Before I proceed, it should be pointed out that I believe Kobe Bryant to be one of the best basketball players ever. His record speaks for itself…

  • 3rd all time leading scorer in NBA history
  • 5 NBA Titles
  • 2 time NBA Finals MVP
  • 2007-08 NBA MVP
  • 18 NBA All Star Games (tied for most all time)
  • 12th all time in games played
  • Most seasons with 1 franchise (20)
  • 15th all time in steals
  • 3rd all time in field goal attempts
  • 5th all time in free throw attempts

… and they were the stats I had at hand! I will confess to saying Michael Jordan is the greatest player in NBA history but Bryant is certainly in the conversation for one of the greatest of all time.

Having said all of that, the way his final NBA game against the Utah Jazz played out was as farcical as the 2015-16 All Star Game that saw the West score 198 points (!). Many people have differing opinions on the game, but the stats speak for themselves.

  • 60 points (T-5th most in a game in his career)
  • 22 FG made (the fourth time in his career)
  • 50 FG attempts (most ever in his career)
  • 21 3PT attempts (most ever in his career), made 6.

To put into perspective, consider the following…

  • The 60 points is the most ever by a player aged 37 or older (since 1963-64).
  • Only 30 players since 1963-64 have made 22 field goals in a game, the oldest being Alex English at age 35 in 1989.
  • No player since 1983-84 has taken 50 field goal attempts, although Wilt Chamberlain did attempt 63 shots in his historic 100 point game in 1962.
  • Only J.R. Smith in 2014 with the New York Knicks has attempted more than 21 3 point field goals in a single game (he made 10) and Damon Stoudamire in 2005 with Portland has attempted as many as 21 in a game.
Bryant shooting.jpg
The many shots of Kobe Bryant throughout the years, see his final career stats here

I’ve watched 17 minutes of condensed highlights (thanks to NBA GamePass) and it was nothing more than passing the ball to Bryant and getting out of his way. The biggest thing I was impressed with was that he was able to play 42 minutes at age 37. There were numerous times where a Laker teammate had a relatively open shot, only to pass it up to a closely guarded Bryant. When he went to the basket he was fairly effective, hitting 55.2% of his 2 point field goals. But only 6 of 21 from behind the 3 point line (28.6%) just looks bad. No wonder it took him 50 field goal attempts (and 12 free throw attempts) to get 60 points.

My next opinion probably won’t be very popular, but that’s why this is my blog and my opinions. This game is going to be SOOOOO overrated because it was Bryant’s final game and he ended up scoring 60. You give at least half of the players in the NBA that many shots in a game and they’ll put up at least that many points. Think of the damage Steph Curry or Kevin Durant would do with 50 field goals including 21 3 point attempts and 12 free throws. Based on their season shooting percentages they would end up with 68 and 72 points respectively, so lets calm the farm on how amazing of a game Bryant had simply based on 60 points.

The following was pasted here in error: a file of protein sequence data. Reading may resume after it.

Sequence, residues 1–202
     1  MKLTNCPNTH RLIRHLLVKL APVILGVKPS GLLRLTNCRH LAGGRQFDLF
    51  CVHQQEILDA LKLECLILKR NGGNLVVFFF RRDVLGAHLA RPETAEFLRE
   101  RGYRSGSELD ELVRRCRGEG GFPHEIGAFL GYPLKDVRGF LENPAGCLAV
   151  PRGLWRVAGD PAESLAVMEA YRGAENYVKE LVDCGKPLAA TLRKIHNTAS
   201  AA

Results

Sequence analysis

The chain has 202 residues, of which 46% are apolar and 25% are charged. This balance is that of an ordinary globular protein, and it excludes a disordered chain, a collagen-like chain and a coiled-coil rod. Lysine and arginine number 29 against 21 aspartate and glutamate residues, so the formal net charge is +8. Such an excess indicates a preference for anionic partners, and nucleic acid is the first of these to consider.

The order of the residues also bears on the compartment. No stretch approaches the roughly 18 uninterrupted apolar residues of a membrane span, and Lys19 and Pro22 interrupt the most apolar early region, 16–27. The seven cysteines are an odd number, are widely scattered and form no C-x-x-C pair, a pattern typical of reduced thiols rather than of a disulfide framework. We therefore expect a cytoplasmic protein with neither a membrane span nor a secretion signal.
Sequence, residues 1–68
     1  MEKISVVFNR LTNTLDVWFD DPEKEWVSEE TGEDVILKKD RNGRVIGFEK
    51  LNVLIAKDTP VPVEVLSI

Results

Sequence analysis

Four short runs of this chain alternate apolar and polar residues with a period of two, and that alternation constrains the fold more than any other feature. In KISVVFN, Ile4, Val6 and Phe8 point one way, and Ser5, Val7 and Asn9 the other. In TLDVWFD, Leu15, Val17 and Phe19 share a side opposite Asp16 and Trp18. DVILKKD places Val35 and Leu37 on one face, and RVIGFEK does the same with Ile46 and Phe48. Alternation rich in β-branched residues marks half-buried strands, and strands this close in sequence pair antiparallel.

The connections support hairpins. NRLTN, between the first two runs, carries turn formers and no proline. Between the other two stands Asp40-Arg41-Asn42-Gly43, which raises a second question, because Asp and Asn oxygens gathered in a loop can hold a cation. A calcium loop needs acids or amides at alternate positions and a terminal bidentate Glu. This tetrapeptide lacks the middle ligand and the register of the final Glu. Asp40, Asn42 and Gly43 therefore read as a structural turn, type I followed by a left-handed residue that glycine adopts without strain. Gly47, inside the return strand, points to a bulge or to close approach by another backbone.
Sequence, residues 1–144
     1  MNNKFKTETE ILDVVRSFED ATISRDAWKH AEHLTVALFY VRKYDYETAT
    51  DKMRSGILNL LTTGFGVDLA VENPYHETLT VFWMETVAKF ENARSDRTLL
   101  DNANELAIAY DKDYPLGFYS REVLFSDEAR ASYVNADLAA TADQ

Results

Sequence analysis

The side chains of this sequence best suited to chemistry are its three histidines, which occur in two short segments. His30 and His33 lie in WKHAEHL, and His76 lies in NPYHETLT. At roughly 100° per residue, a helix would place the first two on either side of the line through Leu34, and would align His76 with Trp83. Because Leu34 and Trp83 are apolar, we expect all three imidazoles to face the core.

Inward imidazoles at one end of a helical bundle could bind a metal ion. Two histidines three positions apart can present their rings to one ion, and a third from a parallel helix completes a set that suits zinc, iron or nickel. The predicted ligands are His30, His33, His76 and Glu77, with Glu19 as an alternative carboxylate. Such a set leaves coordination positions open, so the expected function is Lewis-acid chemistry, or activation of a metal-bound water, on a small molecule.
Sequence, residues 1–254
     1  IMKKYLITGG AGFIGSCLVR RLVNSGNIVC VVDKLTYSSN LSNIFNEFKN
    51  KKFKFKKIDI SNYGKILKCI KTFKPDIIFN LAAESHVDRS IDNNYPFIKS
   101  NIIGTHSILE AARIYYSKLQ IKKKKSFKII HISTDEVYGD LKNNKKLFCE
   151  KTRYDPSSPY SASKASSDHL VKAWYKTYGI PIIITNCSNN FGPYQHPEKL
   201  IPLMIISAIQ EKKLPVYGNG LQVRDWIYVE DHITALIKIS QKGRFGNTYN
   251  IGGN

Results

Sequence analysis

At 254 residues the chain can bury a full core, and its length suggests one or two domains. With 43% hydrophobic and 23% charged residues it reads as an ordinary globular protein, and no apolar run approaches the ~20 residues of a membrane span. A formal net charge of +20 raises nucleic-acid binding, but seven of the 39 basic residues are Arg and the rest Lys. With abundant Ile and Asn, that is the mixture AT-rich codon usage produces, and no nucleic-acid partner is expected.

I’ll reiterate that I’m not an anti-Bryant follower of the NBA, he’s mesmerising to watch when he’s in a certain kind of mood. But this was reminiscent of that 100 point game by Wilt Chamberlain where the Knicks did everything they could to carry him to a historic night.  And it’s not to say it not a great effort, I think that when the entire team is only looking to give the ball to 1 player… well, you know my thoughts.

 

 

 

 

 

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One thought on “Does Kobe’s 60 point farewell actually mean anything?

  1. “…this was reminiscent of that 100 point game by Wilt Chamberlain where the Knicks did everything they could to carry him to a historic night. And it’s not to say it not a great effort, I think that when the entire team is only looking to give the ball to 1 player… well, you know my thoughts.”

    You WATCHED that game in Hershey, Pa.? Amazing.

    One a night ending a dreadful season for Los Angeles when one of the best NBA players ever was retiring, getting him the ball every chance his young teammates could get is, somehow, sacrilegious. And you compare a 37-year old Kobe Bryant’s point output on 50 shots to —- Steph and KD, two guys at the top of their game.

    Brilliant.

    Bluntly, this is a clown article. Come to think of it, how about this: I get paid by USA Today to fill a column space of oh, 800 words max ( likely less because USA Today is still all about “brevity”) and I’ll explain why commentaries like this one are wastes of space, comparing you to, say, two other sports writers who actually wrote something of worth about Bryant’s final game.

    Like

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